'Out of the cradle, endlessly rocking...'

Tuesday, March 15, 2016

something for this here election...

     Today we here in Ohio vote in our minor, inconsequential primary. This really is shaking out as the most important Presidential election since, o, 1980. So, it seems meet and right to keep these words from our first President in mind as I head to the polls. 

'In offering to you, my countrymen, these counsels of an old and affectionate friend, I dare not hope they will make the strong and lasting impression I could wish; that they will control the usual current of the passions, or prevent our nation from running the course which has hitherto marked the destiny of nations. But, if I may even flatter myself that they may be productive of some partial benefit, some occasional good; that they may now and then recur to moderate the fury of party spirit, to warn against the mischiefs of foreign intrigue, to guard against the impostures of pretended patriotism; this hope will be a full recompense for the solicitude for your welfare, by which they have been dictated,' George Washington's Farewell Address.

Friday, March 11, 2016


Five more days and we here in Ohio will once again put the *swing* in swing-state. I am as yet undecided, though in good apophatic form I know those whom I shall not vote for. 

Sanders certainly is out - he's better as a gadfly in the Senate - and Kasich, should he remain on the ballot, shall be as a vessel of dishonor. As for the various strageric schemes to throw a spanner into Trump's hair, they're all too complicated and have only a faint chance, if any, of success. Besides, I can think of fates worse than Trump. 

If Romney screws this up I'm setting everyone's shoes on fire.

Incidentally, early this morning in New Albany I saw a fellow putting out signs for the Kasich campaign. Lea Ann and I speculated that perhaps he was an in-law who felt obligated to at least do something. I admired his quixotic dilligence in the face of certain, humiliating defeat. 

Anyway, the Ohio Primary is almost upon us. Be afraid, be very afraid.

Monday, March 7, 2016

a translation...

Antonio Machado, ‘Sobre la tierra amarga...’

   Upon the bitter land,
the dream holds labyrinthine
roads, tortured paths,
parks in flower and shade and silence;
   deep crypts, climbing above stars;
icons of hopes and memories.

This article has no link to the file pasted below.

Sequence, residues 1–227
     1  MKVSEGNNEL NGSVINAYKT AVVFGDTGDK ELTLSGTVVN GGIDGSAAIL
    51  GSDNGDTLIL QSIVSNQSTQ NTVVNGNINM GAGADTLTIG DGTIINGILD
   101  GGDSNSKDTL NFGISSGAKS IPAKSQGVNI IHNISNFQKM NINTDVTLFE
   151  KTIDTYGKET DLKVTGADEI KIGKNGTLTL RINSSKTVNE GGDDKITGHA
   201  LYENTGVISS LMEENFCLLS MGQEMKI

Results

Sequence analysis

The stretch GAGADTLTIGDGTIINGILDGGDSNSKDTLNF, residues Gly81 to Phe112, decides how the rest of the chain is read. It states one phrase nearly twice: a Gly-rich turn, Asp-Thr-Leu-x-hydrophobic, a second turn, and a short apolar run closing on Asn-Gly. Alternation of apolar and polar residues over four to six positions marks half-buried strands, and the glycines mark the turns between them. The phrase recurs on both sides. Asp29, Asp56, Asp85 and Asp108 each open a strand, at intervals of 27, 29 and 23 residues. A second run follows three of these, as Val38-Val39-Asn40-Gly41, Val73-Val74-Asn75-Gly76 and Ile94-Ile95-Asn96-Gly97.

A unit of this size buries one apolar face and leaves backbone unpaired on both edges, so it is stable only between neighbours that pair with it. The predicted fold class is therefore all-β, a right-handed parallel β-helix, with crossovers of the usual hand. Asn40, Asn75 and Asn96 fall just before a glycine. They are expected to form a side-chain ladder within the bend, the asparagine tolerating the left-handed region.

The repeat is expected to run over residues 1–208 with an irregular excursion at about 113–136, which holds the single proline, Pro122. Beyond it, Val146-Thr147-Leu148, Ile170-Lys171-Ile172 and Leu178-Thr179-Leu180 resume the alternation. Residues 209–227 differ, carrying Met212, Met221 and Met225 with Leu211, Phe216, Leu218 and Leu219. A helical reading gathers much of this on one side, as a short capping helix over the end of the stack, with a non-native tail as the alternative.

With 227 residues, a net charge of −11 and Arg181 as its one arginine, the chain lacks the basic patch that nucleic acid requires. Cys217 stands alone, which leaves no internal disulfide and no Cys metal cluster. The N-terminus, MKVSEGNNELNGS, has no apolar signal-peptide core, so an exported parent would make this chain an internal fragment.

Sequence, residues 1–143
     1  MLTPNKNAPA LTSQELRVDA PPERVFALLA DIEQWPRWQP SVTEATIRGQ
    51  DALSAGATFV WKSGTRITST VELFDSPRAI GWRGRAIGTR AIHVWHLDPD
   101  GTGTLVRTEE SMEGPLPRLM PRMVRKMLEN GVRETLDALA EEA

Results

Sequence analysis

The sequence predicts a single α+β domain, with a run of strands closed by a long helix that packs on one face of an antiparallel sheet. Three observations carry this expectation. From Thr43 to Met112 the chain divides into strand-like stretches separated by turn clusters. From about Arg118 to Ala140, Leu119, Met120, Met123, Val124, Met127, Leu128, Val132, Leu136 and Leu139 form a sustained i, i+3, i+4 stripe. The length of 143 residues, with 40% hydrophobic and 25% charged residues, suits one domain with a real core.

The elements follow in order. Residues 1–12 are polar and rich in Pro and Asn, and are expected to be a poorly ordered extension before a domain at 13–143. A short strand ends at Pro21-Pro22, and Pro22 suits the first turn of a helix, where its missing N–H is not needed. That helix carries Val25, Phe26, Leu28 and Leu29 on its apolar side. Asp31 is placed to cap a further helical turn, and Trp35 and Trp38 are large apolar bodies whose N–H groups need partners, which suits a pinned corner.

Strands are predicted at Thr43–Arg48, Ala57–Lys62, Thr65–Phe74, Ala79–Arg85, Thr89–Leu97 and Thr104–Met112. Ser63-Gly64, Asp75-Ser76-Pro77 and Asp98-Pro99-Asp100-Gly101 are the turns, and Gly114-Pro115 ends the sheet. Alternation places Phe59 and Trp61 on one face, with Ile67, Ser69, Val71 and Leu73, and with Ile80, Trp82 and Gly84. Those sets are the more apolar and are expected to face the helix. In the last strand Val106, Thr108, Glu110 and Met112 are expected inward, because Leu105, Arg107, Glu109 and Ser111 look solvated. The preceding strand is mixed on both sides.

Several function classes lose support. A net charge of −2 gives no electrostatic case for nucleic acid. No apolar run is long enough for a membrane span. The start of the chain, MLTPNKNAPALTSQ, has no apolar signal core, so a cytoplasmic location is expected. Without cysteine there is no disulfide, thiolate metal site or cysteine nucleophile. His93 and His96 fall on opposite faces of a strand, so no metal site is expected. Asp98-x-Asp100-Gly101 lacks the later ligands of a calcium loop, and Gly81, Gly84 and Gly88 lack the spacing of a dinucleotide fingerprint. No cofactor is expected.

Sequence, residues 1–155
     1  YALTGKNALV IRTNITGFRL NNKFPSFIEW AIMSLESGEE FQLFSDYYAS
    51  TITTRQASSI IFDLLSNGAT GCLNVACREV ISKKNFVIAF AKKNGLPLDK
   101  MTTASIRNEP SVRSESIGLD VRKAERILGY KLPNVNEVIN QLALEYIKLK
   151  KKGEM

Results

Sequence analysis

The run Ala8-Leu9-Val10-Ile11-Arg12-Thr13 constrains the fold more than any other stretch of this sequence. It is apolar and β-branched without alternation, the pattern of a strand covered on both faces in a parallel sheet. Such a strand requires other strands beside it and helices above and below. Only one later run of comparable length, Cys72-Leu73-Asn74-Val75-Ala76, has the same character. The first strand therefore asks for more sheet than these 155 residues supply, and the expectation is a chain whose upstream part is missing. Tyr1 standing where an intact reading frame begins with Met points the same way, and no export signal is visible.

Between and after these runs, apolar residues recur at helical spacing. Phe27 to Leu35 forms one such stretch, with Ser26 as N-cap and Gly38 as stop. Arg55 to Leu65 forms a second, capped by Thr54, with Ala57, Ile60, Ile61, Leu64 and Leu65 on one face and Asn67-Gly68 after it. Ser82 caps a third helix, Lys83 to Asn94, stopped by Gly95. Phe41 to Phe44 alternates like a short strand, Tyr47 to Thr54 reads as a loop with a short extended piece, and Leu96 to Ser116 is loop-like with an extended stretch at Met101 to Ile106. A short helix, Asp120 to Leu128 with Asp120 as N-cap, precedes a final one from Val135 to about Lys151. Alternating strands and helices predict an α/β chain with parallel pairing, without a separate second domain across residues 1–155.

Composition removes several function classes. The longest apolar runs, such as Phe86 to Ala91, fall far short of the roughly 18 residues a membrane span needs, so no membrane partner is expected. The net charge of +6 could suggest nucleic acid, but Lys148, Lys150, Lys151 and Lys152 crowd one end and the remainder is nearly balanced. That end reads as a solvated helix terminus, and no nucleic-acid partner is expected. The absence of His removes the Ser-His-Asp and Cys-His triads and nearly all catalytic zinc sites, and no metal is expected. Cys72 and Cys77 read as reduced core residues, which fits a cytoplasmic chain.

Tiny figures that pass and smile 
- an old man’s melancholy toys - ;
  friendly images,
at the path’s flowered turn,
and roseate chimeras
that make a way . . . far away

Friday, February 26, 2016

today's fun thought...

     The most extreme manifestation of American Exceptionalism is the breathless condemnation of any manifestation of American Exceptionalism. 

Wednesday, February 24, 2016

rambling rambles about nothing at all...

     I need to start exercising again. Fell out of the habit thanks to the long bout of flu, infected sinuses, and general plaguiness. Still not back to full - in fact, I've lost my voice for like the fifth time or so. O well, this can't continue forever, no no no it can't I say. It's time for a return to cardio! Sounds like a movie - A Return to Cardio. 'Leonardo DiCaprio and Tom Hanks star in this Romantic Drama about two men who fall for the same woman in the same town after The War, and then return years later, each unbeknownst to the other, to rekindle their lost kindle with her - A Return to Cardio'.
     So like, yeah, I need to start exercising again. 

nothing to see here...

     Seems Noam Chomsky has seen fit to say something about The Donald. I don't really care about Chomsky, so no, I won't be reading the article in question. That would cut into my free time. I will simply note here the inevitable convergence of the twain, like the Titanic and its Iceberg riding the currents of Absolute Will.

it's like christmas has come early...

     O boy o boy o boy o boy o boy Facetube gave us cute virtual stickers we can use for anything! It’s like we’re kids again! Kids with debts and jobs and lawyers and doctors and accountants boy do we need accountants and kids and cars that need fixing and lawns and roofs and an ever growing list of regrets and doubts about whether we ever made the right decisions when pushed to it...but yay, we got some badass virtual stickers! Woohoo!

Tuesday, February 23, 2016

thoughts on this here election cycle...

     It seems that the fate of the Republic is at stake in this latest Hunger Games, Presidential Edition. That is simply not true. The fate of those who will live through the final death and fall of the Republic is at stake. That's totally different.
     Have a nice day.

Monday, February 22, 2016

a poem...

When it is Nearly Winter

A thunderstorm comes tearing from the west,
and once again the ground is thick with leaves
wet and matted, mottled brown and yellow; 
some few fly about the gathering dark
of early evening in November, as
curled shavings fly before the carpenter’s plane.
These are not yet the shortest days, but when
the dark slams down upon those rushing home, 
those who have seen so little daylight while
they worked or slept or ate in tiny rooms,
it seems an almost perpetual night, the day
an errant dream lost before we’re awake,
like some frolicsome snake we glimpse as it 
streaks out of sight along a garden path.

a query...

     Are we certain that Socrates isn't the villain?

Monday, February 15, 2016

the game's afoot...

     This, from Senator Elizabeth Warren, is making the rounds on The Social Media: